First of all, happy holidays to everyone that celebrates something this time of year. :) I have been hand-coding quite a few XML schema files (XSD) recently. Writing it is easy enough, but I just ran into what seemed like a very thing to write - that is until I actually begun to write it.
I wanted to define a single XML element that has a value, and a single attribute. It would look like this:
Well, my first instinct was to write it like this:
<xs:element name="myElement" type="xs:decimal" minOccurs="0" maxOccurs="1"> <xs:attribute name="myAttribute" type="xs:string" use="required" /></xs:element>
However, with Visual Studio being the trusty side kick that it is, it quickly let me know that my code was invalid. D'oh!
I then begun toying with a few variations of it, and then even quickly looked through the W3School Schema Reference, before turning to a forum.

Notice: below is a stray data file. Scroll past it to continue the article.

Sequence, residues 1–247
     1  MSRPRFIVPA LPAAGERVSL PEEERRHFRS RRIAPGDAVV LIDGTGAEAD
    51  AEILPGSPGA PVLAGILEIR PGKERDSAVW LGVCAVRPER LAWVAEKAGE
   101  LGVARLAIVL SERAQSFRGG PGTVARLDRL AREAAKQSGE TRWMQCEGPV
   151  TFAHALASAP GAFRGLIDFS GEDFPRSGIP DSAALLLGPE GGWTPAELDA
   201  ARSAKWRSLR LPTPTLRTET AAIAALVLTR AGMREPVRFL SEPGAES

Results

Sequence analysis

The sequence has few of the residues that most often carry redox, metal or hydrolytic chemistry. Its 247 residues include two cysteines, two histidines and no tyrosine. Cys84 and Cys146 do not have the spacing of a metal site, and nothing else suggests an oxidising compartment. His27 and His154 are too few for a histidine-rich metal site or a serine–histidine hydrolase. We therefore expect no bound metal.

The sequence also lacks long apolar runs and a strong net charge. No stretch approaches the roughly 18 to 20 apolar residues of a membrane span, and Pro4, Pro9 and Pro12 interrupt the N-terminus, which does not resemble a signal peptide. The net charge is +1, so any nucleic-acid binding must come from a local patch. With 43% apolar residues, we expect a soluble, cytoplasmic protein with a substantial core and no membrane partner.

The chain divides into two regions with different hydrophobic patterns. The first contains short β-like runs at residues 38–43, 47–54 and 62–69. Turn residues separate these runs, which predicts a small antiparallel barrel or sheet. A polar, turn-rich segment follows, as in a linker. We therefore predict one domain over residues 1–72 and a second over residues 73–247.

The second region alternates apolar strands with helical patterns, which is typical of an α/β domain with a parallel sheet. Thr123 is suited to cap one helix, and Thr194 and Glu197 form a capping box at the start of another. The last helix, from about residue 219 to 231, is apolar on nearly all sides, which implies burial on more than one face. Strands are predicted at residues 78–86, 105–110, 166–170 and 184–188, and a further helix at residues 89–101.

Right after I made that post, a light bulb suddenly lit up in my head. I know how to show myself how to do this!
Visual Studio has a really cool tool that is built in that will write schema definitions for you. I don't usually use it though, because it does not write the schema in an extensible way. However, in this very situation, the tool was a life saver. I simply created an XML document with the element structure I wanted. Then, I selected the "Create Schema" option from the XML menu (only available when viewing the XML document).
Whalla!! The schema was created and opened right before me eyes!
Here is how to define the XML from above:
<xs:element name="myElement"> <xs:complexType> <xs:simpleContent> <xs:extension base="xs:decimal"> <xs:attribute name="myAttribute" type="xs:string" use="required" /> </xs:extension> </xs:simpleContent> </xs:complexType></xs:element>